Tuesday, September 25, 2018
Politics

State lawmakers end budget stalemate, but clash with Rick Scott looms

TALLAHASSEE — State lawmakers reached a tentative deal on an $83 billion budget Tuesday that could end the session on time but could put them on a collision course with Gov. Rick Scott.

A day after a stalemate threatened to derail the legislative session, Republican leaders in the House and Senate privately hammered out the broad terms of a deal that ensures both sides can claim victory for their top priorities.

Sen. Bill Galvano, R-Bradenton, confirmed that Enterprise Florida, the state's economic development agency, would likely survive with an operating budget — but no money for financial incentives to help Scott attract businesses to Florida.

"I don't think it's going to be where the governor would have liked to have seen Enterprise Florida," Galvano said. "But at the same time, there's still some life left."

That's expected to antagonize Scott, who has traveled throughout the state in recent weeks criticizing House Republicans by name who voted to abolish the program.

Coincidentally, Scott is on an Enterprise Florida trade mission in Argentina this week. He had asked the Legislature for $23.5 million to pay for the agency's operations, and $85 million more for economic incentives to lure companies to Florida.

Another major setback for Scott: Visit Florida, the state's tourism marketing arm, would see its budget slashed by two-thirds to $25 million and would be forced to adhere to new restrictions on salaries and travel that the House demanded and the agency opposed.

Scott last week asked that Visit Florida receive $100 million next year.

State director of bond finance Ben Watkins sent a letter to legislators on Tuesday, warning them that cuts to Visit Florida could result in a loss of sales tax revenue, which could hurt the state's bond rating and make it more expensive for the state to borrow money.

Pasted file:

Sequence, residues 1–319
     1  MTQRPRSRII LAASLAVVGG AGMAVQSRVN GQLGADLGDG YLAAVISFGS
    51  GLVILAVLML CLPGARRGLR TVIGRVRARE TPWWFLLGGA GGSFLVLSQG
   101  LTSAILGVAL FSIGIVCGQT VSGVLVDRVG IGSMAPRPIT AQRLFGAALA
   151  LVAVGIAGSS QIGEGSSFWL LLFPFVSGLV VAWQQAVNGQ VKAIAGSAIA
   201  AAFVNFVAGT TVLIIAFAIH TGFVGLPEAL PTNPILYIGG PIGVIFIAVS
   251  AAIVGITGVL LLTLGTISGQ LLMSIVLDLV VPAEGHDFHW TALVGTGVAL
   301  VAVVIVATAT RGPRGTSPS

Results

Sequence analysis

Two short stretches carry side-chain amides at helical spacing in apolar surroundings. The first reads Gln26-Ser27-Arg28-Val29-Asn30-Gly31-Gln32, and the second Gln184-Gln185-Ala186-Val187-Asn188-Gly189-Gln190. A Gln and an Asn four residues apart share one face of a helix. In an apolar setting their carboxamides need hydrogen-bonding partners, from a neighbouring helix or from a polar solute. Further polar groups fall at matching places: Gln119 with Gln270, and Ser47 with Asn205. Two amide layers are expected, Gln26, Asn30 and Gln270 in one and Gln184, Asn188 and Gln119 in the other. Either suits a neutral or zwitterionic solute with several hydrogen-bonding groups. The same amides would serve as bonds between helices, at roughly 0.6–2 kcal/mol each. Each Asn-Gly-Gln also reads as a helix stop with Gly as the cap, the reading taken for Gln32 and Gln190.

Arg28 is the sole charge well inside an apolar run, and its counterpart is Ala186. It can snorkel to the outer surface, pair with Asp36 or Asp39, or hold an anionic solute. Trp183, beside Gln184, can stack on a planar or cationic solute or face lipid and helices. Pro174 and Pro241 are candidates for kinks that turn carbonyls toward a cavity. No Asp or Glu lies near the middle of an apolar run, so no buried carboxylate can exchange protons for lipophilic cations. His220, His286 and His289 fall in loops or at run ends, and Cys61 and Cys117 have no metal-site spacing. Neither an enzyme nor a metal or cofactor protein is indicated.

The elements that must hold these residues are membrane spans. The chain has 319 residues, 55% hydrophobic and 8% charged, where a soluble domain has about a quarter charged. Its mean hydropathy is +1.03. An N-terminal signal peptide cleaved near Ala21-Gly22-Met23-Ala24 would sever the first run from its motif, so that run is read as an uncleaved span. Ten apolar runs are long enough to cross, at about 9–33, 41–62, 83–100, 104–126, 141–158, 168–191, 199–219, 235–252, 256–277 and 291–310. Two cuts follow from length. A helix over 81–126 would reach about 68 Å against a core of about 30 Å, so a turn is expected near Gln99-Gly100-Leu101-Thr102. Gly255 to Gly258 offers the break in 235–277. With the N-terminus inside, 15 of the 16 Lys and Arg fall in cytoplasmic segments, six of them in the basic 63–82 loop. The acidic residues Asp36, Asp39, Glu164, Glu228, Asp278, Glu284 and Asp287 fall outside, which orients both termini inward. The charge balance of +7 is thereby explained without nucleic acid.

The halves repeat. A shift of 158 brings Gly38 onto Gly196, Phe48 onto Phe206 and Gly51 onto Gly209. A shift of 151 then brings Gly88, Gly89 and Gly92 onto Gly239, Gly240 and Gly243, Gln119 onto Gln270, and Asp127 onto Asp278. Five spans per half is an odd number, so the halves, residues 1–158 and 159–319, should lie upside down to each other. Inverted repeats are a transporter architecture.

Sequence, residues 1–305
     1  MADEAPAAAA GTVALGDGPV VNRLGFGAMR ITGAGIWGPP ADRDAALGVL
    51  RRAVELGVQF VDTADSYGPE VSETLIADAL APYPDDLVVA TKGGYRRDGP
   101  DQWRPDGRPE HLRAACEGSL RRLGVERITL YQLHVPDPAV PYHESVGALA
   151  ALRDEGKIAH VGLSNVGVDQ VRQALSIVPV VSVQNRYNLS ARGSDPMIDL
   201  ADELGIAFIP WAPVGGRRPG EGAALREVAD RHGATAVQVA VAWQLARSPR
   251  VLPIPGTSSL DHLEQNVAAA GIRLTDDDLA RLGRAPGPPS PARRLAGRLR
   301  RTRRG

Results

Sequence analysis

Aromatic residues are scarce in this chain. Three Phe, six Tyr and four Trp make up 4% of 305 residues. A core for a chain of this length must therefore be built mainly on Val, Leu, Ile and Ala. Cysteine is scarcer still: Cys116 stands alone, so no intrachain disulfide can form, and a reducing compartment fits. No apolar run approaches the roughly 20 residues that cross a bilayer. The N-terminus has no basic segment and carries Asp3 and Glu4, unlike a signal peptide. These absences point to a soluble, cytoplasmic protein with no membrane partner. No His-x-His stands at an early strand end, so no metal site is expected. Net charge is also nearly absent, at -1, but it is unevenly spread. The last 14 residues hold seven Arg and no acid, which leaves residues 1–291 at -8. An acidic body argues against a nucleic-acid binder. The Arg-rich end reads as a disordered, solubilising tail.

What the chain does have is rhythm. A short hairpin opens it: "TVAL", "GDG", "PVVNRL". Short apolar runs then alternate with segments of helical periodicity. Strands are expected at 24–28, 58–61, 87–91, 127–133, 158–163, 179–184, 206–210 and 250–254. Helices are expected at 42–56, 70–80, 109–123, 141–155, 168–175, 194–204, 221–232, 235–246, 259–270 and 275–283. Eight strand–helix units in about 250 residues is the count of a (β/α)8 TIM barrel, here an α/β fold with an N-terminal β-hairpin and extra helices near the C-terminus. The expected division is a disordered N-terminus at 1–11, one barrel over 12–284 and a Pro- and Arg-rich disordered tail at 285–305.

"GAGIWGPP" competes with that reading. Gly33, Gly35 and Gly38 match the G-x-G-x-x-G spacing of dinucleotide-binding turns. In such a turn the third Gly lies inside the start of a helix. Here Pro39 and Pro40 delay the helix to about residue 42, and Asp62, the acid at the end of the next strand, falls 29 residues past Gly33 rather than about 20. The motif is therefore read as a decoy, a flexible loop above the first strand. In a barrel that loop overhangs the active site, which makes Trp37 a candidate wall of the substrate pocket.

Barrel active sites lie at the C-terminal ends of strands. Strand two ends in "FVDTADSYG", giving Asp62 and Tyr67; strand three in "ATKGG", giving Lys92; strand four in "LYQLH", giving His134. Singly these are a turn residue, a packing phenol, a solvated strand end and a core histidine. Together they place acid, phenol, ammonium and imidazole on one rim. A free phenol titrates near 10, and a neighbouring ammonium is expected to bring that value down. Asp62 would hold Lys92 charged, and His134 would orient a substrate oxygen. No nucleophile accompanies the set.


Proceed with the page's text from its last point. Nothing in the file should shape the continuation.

"We are very concerned that reduced funding to promote tourism would adversely affect revenues collected at the state and local level," Watkins wrote.

Under the tentative budget agreement, as described by Senate Minority Leader Oscar Braynon, D-Miami Gardens, the House agreed to support the Senate's highest priority, a massive new reservoir south of Lake Okeechobee to reduce discharges of toxic water.

Scott had also called for a $200 million state-backed loan to the U.S. government to accelerate repairs to the Herbert Hoover Dike around the lake, but it was not clear whether that proposal has the Legislature's support.

The House won agreement for its $200 million "schools of hope" incentive to entice specialized charter schools to move to Florida and compete with traditional public schools that have been designated as failing.

The House also agreed to the Senate's proposed increase in state university spending and need-based financial aid for students, and the House would agree to the Senate's call for an across-the-board pay raise for state workers.

The Senate would agree with the House not to rely on higher property tax bills to pay for an increase in per-student school spending.

The two sides also have a tentative agreement on a package of tax cuts, and Braynon said the House would agree to about $400 million in projects in lawmakers' districts — less than the $700 million the Senate wanted but more than the House's initial offer of $150 million.

Despite promises by legislative leaders of greater transparency, the outline of the deal was known before any public negotiations took place.

Detailed public negotiations were scheduled to start today.

The budget must be finished by Tuesday for the session to end on time on May 5. The state Constitution requires a 72-hour cooling-off period before lawmakers take an up-or-down vote on the final budget, which cannot be changed.

"Time is precious at this point," said Rep. Carlos Trujillo, R-Miami, who chairs the House Appropriations Committee.

In the timeless tradition of Tallahassee horse-trading, Trujillo said each side inevitably had to pay homage to the other side's goals.

"If we can't respect their priorities, they can't respect ours," Trujillo said.

Times/Herald staff writer Kristen M. Clark contributed to this report.

Contact Steve Bousquet at [email protected] Follow @stevebousquet.

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